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tv   Bloomberg Business Week  Bloomberg  September 3, 2016 7:00am-8:01am EDT

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>> i'm carol massar. david: i'm david gura. plan tomazon's dominate same-day delivery. and how one small american company successfully faced down stiff competition from china. david: all that ahead on "bloomberg businessweek." ♪ with an editor and you have a great story about the controversy involving mylan epipen's pricing. they doubled the price of it.
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there was a lot of attention brought to it. they reduced the price and brought out a generic. it has made everybody take a look at the industry of pricing -- drug pricing. they do a good job of explaining just how crazy drug pricing has become and how hard it is to fix the problem. , it is widely used with people with terrible allergies, including myself. it is necessary. it is especially necessary for kids who have a lot of allergies. it used to be that you could get to fb pens -- epipens for $100 apiece. it is especially necessary for $600 is a lot. what peter shows in the story is how hard it would be to fix this. this is the excuse that the ceo of mylan made. what she was saying, the ceo was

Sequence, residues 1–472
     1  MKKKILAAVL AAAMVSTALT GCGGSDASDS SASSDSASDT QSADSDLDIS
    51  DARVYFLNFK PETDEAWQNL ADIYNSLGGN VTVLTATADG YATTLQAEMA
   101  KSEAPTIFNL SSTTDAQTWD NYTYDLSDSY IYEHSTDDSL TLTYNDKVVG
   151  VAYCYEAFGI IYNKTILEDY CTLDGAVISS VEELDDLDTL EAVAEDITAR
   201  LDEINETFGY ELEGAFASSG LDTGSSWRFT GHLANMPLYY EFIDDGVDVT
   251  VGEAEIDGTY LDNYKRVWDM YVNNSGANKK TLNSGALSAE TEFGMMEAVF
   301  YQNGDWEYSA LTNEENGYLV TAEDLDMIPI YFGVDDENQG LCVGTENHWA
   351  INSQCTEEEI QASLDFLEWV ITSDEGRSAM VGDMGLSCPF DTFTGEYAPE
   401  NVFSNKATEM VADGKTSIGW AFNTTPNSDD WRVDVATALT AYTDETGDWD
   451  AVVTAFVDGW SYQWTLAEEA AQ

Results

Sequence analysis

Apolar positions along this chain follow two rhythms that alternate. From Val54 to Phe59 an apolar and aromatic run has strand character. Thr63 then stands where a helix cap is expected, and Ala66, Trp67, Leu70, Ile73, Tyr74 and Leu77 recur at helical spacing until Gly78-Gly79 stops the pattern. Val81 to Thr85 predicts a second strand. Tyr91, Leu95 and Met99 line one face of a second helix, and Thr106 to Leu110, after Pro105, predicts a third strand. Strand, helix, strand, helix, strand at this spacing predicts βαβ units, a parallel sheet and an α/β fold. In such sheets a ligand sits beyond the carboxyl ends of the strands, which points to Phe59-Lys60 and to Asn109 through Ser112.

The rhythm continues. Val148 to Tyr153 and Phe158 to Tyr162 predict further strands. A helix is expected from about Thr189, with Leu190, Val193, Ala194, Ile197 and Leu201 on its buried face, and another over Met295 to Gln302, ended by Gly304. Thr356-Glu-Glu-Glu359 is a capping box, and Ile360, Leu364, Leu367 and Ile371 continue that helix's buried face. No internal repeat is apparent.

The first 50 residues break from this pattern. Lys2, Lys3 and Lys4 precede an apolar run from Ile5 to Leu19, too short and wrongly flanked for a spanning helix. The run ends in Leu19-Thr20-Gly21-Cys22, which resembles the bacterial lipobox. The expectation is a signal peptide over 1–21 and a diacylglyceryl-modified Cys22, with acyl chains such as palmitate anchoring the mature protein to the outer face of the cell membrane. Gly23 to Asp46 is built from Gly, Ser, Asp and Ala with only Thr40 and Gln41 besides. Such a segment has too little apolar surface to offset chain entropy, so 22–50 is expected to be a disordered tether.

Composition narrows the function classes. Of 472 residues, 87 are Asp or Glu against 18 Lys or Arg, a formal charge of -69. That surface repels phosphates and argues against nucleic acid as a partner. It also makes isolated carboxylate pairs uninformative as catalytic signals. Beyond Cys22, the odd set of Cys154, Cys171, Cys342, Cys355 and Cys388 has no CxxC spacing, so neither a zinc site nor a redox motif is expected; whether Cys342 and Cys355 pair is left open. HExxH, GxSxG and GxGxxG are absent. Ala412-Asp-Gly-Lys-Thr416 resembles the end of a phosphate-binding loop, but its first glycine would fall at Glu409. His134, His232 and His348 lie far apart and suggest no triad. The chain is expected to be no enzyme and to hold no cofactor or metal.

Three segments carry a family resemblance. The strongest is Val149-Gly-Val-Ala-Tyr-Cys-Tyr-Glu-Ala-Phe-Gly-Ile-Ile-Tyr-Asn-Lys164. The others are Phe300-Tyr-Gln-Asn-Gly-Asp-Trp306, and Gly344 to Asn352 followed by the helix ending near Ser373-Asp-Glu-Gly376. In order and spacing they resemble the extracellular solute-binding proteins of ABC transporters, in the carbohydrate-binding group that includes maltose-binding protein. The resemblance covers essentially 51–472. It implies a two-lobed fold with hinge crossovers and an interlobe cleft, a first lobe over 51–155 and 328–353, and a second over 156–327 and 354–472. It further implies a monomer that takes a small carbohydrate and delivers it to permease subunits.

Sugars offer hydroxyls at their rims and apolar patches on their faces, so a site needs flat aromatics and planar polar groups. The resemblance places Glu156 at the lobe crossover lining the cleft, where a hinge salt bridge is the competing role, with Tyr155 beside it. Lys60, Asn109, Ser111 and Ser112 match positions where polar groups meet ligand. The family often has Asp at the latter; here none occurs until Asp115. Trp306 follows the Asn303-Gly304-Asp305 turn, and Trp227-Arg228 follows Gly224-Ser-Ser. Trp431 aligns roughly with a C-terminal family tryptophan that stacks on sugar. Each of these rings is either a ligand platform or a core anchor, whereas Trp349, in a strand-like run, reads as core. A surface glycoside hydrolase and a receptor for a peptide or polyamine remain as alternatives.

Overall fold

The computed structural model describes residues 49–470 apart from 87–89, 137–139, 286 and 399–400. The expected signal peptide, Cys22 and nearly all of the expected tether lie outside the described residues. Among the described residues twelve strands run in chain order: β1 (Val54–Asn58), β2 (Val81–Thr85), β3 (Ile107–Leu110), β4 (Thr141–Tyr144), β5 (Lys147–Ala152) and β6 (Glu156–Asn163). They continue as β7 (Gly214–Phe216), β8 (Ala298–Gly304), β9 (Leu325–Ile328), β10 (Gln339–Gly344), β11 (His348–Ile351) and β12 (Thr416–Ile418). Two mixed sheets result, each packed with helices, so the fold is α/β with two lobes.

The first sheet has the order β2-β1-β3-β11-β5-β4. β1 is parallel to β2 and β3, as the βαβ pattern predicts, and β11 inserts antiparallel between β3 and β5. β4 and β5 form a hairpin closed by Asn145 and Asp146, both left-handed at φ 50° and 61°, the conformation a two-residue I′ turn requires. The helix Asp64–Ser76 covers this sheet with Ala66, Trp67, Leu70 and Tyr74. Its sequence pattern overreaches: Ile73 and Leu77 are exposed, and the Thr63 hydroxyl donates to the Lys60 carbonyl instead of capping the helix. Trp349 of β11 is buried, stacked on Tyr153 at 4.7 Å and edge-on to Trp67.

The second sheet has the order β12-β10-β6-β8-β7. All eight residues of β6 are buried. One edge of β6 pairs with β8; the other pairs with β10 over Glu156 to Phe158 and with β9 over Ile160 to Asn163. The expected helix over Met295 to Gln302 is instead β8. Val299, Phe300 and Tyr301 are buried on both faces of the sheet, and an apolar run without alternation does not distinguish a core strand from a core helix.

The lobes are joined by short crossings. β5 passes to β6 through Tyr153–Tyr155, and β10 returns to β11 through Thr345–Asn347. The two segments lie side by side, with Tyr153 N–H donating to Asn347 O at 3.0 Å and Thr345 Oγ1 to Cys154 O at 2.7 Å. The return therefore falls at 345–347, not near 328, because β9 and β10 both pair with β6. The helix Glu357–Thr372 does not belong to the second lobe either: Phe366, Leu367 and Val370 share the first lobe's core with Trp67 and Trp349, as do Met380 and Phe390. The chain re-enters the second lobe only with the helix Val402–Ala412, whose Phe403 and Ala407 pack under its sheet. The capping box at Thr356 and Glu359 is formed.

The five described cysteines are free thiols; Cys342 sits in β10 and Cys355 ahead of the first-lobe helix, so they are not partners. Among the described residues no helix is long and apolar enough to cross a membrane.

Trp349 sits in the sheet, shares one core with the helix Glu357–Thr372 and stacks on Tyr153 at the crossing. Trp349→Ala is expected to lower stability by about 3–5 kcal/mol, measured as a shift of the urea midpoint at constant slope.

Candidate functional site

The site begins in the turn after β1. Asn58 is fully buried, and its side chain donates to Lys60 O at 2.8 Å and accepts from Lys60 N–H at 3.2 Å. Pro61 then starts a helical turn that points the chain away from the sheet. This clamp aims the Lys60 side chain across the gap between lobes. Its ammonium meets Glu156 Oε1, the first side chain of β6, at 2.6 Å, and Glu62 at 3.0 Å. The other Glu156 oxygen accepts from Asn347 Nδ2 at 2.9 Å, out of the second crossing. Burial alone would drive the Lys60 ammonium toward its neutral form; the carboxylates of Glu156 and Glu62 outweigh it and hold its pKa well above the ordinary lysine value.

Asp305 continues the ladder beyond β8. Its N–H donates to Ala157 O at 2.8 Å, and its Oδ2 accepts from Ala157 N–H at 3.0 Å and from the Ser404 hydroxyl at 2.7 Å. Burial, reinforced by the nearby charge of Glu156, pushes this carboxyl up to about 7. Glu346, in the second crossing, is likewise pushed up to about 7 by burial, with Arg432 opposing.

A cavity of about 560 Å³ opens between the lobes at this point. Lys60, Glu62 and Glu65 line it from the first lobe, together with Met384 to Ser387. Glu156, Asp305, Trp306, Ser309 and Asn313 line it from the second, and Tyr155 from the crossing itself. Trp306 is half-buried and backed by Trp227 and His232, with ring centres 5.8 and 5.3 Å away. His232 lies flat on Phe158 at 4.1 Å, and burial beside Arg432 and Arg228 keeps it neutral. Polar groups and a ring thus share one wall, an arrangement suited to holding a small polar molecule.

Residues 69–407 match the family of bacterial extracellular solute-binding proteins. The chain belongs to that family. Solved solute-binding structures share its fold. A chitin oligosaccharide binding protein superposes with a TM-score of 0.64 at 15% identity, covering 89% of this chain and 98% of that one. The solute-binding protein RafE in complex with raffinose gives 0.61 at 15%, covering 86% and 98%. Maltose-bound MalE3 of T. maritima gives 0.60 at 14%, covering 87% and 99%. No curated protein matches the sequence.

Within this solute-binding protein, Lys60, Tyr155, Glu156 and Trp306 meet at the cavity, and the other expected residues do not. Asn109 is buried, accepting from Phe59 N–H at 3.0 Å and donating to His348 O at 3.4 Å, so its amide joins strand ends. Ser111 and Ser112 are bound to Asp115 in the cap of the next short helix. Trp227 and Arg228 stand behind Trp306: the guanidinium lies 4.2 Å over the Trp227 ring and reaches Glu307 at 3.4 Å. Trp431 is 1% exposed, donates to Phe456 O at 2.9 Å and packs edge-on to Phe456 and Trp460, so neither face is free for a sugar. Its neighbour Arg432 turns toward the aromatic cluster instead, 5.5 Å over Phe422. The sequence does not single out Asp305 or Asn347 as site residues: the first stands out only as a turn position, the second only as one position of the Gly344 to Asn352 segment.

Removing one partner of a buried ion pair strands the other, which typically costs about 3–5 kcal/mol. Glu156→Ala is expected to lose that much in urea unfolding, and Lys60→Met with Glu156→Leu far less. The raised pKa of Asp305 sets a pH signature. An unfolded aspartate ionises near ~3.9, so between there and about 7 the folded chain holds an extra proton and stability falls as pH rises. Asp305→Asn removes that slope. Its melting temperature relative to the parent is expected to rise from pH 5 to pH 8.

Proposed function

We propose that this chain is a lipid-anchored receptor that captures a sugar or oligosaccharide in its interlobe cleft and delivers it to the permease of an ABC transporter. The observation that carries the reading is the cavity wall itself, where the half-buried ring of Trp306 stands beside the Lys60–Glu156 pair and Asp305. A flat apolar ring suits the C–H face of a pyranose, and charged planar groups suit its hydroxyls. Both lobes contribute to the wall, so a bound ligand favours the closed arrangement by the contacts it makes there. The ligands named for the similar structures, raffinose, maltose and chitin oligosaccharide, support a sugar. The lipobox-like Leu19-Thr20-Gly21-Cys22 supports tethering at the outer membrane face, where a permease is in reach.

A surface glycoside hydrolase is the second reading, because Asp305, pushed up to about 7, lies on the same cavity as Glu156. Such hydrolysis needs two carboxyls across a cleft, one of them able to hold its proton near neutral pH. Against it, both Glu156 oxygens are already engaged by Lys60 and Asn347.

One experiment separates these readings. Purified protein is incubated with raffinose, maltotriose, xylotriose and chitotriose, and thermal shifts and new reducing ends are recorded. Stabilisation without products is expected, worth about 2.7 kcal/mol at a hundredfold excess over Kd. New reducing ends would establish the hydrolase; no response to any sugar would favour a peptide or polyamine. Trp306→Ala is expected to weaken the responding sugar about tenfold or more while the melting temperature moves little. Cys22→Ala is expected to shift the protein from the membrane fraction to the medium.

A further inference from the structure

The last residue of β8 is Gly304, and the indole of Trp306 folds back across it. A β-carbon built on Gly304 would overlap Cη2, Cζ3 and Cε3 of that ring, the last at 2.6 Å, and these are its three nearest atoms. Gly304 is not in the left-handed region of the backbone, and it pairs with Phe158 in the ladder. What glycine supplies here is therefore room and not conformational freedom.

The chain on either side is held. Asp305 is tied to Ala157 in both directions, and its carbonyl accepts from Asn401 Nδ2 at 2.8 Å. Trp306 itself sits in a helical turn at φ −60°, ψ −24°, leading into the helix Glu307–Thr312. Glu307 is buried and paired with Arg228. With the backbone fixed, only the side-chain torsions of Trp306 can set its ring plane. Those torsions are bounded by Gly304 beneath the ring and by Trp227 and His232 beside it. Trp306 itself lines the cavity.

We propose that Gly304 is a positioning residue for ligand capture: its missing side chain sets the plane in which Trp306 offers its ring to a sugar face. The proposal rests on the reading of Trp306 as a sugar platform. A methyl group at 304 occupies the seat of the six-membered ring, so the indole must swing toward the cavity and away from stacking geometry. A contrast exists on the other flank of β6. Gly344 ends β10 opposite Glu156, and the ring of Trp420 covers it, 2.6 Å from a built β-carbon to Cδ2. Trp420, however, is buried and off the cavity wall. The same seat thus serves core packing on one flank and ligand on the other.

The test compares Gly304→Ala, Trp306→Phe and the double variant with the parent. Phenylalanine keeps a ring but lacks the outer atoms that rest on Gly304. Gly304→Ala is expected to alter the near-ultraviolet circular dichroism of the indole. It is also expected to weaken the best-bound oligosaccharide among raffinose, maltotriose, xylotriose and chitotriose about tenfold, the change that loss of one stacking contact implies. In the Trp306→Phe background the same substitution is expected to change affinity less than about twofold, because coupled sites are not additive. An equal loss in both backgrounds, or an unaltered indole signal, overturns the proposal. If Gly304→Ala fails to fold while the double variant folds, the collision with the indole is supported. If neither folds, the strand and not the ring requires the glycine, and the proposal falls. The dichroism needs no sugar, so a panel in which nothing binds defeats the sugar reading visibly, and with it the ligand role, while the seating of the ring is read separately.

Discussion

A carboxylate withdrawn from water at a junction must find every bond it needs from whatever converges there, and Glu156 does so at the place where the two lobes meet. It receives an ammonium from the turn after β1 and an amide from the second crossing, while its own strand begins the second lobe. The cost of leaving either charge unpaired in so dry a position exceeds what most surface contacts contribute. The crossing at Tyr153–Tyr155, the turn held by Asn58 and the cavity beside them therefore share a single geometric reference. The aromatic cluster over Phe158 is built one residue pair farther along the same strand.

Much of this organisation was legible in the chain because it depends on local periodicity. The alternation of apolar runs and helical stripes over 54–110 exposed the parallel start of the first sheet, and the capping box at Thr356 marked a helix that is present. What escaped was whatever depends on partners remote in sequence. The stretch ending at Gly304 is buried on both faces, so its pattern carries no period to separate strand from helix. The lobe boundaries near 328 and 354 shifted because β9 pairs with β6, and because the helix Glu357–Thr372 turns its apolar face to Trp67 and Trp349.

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saying, you cannot, they did not expect regular people to be paying $600. it was sort of the price that they were charging insurers and managers. the idea was that there would be negotiations. if you don't have insurance, or if you have high -- or if you have a high interest adjustable plan, you could shell that yourself. carol: you take a look at what is going on in brazil. the official impeachment of the president, or former president. brazil, their economy has been in recession for the last two years. >> it has been in incredibly bad shape. oddly,or maybe not so the stocks are going up in the currency has gotten stronger because people think any change will be good change. in new president has brought more typical economists, more orthodox economists, and the